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Sumner Community Garden volunteer Paul Cragg is spearheading the project.
"Although level 4 lockdown didn’t help the project, we’ve since got it off the ground," he said.
"It distressed me every day when I walked, biked or drove past the empty and unused red zone land.
"I hope this will be a pilot project that will inspire others to apply to use red zone land too."
Cragg has been pottering in the garden since the start of the month.
There has been two full working bees with members of the community helping to plant the first raspberry seedlings.
He said it’s been a "special community effort" with "plants, trees, herbs, compost, a table and time" all gifted to the project.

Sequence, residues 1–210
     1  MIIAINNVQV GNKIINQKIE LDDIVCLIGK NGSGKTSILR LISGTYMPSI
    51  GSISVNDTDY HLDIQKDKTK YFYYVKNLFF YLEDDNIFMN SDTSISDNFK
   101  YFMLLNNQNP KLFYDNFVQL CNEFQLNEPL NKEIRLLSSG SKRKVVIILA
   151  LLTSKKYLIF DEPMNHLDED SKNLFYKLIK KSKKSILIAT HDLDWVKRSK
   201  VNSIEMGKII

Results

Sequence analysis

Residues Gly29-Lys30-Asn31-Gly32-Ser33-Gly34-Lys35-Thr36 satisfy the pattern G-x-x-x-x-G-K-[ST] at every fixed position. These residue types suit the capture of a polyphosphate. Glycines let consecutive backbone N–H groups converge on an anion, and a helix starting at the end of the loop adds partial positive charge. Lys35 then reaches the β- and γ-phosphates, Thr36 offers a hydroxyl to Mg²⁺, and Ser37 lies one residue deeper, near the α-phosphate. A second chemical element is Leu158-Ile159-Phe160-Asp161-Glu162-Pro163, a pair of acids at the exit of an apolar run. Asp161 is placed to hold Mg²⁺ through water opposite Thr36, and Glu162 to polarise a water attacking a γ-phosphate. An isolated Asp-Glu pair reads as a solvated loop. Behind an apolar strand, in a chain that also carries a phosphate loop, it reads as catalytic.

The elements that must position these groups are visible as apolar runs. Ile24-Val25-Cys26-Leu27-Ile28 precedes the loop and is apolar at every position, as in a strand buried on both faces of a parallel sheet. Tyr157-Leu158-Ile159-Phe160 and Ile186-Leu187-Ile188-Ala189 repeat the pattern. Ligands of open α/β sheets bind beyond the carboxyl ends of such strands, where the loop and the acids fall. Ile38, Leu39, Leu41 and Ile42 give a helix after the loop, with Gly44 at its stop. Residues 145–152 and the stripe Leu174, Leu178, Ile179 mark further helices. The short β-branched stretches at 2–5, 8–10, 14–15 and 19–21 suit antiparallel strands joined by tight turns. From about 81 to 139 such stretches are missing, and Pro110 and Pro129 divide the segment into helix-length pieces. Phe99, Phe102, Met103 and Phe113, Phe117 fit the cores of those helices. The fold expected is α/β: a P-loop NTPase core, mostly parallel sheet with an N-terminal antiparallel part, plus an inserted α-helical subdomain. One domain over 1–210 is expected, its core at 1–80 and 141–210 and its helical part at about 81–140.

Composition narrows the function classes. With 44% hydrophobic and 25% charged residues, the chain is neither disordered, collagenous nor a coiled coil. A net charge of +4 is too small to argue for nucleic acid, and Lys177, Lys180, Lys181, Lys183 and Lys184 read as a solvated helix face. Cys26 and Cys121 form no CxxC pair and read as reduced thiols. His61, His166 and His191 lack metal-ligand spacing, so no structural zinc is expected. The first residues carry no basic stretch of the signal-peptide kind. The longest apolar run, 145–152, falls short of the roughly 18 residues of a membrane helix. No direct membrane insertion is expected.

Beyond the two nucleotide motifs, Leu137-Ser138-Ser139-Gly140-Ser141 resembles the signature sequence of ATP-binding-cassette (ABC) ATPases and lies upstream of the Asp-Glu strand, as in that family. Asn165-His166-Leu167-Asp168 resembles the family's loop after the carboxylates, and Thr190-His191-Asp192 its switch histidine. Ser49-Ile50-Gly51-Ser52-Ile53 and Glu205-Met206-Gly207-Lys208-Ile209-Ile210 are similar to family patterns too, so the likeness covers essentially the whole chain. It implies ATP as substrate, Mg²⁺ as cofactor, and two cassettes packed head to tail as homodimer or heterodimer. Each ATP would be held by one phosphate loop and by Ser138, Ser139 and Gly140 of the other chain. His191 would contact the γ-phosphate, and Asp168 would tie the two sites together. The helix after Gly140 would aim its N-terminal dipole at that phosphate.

Sumner resident Kevin Hay broke in some of the land with a rotary hoe.
"Unfortunately, LINZ didn’t want people on it, but the city council had a different perspective,” Cragg said.
The red zone titles were transferred to Christchurch City Council in July.
"The city council then gave us the go-ahead to use the safe areas of red zone land," Cragg said.
"We are the first group to have applied for red zone land use this way and because of this it was an interesting process since the city council didn’t have a process but the red zone rangers who we’ve worked with have been great.”
Cragg learned about growing berries through his work with the community garden.
The berry garden is situated on land where three properties used to stand, opposite the Sumner Bowling Club.
Sumner Hub co-ordinator Charlie Hudson said the berry garden is “a great example of activating spaces that aren’t currently being used for the community.”